With numerous high-profile injuries rocking eventing this year, it’s very timely to talk about making sure riders are properly insured, which became the major theme of today’s Professional Riders Organization Annual Meeting at the USEA Convention. Accident & Disability Insurance is included in all professional-level memberships, but Dr. Mark Hart recently told me a lot of riders don’t take advantage of this fantastic perk.
Available through Zurich Insurance, the Accident & Insurance Plan is offered at two different levels:
Base Plan: $100,000 of Excess Medical Coverage ($5,000 deductible) and $200 per week disability payment, after a 30-day wait for up to 52 weeks, for accidents related to horses. The annual premium of $164 is included in all professional level memberships.
The Buy Up Plan: $1,000,000 of Excess Medical Coverage ($5,000 Deductible) and $600 per week disability payment, after a 30-day wait for up to 52 weeks, for accidents related to horses. The annual premium is available for an additional fee of $526.
Sinead Halpin and Rick Wallace spoke during the meeting about the importance of taking advantage of PRO’s insurance based on personal experience, as they both suffered serious injuries this year that kept them out of the saddle and unable to run their businesses.
Sinead has actually been sidelined three times this year, as she was nursing broken ribs in January after getting mowed down by a loose horse in an indoor arena. Then she suffered more broken ribs, a broken shoulder blade and a collapsed lung after a fall at Chatt Hills in July. And she also spent a large part of the fall in a walking boot after injuring her leg in a fall at Fair Hill.
“It’s a no-brainer to buy up,” Sinead said. “I didn’t do that this year, and that has affected me greatly. It was the difference between getting $200 and $600 per week.” Even though Sinead didn’t buy up, it thankfully looks like all her medical bills will be covered after she spent a lot of time in the hospital in July — all thanks to PRO.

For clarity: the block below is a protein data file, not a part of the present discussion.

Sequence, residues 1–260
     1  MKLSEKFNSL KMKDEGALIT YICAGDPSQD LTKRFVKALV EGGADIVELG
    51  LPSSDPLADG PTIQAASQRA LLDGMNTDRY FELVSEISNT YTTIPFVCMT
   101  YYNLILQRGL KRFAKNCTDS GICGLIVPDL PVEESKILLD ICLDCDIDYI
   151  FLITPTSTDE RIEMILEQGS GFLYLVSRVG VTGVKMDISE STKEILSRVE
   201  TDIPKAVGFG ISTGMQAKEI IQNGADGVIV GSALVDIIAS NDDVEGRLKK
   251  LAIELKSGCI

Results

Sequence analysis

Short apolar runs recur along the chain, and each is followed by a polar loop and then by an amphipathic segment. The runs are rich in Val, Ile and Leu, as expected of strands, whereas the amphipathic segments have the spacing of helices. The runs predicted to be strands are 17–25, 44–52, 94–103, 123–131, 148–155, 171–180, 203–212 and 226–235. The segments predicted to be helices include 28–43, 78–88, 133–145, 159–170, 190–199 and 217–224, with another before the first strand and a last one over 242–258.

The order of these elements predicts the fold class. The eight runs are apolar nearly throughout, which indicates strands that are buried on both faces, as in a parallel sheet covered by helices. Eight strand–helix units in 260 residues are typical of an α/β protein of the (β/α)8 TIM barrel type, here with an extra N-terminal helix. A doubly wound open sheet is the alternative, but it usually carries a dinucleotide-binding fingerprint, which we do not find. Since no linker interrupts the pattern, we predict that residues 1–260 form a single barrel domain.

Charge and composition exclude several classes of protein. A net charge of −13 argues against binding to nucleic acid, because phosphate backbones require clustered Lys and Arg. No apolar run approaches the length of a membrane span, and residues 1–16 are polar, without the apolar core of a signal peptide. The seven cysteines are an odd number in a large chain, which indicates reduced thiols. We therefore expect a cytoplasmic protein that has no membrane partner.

Rick also faced a serious injury when a horse kicked his wrist while being unloaded from a trailer in September. Because he had upped his insurance plan through PRO, he was able to take advantage of the $600 weekly disability checks after having surgery on his wrist. Rick received four disability checks in all that helped him pay to hire people to keep his business going while he was sidelined. “I paid $821 for the membership, and I got $2,400 from an unfortunate accident that happened,” Rick said. “It’s affordable to me in that vein.”
While some riders have balked at the cost of joining or buying up, Samantha Lendl, PRO’s executive director, put the true cost into perspective: “It’s $1.89 per day, which is cheaper than any drink you’ll get at the bar in the hotel.” I can verify that a Kentucky Bourbon Barrel Ale costs $6 in the bar. Many thanks to Samantha for all she does for this sport through PRO. Your hard work does not go unnoticed. Go PRO!
— Will Coleman (@ColemanEventing) December 6, 2013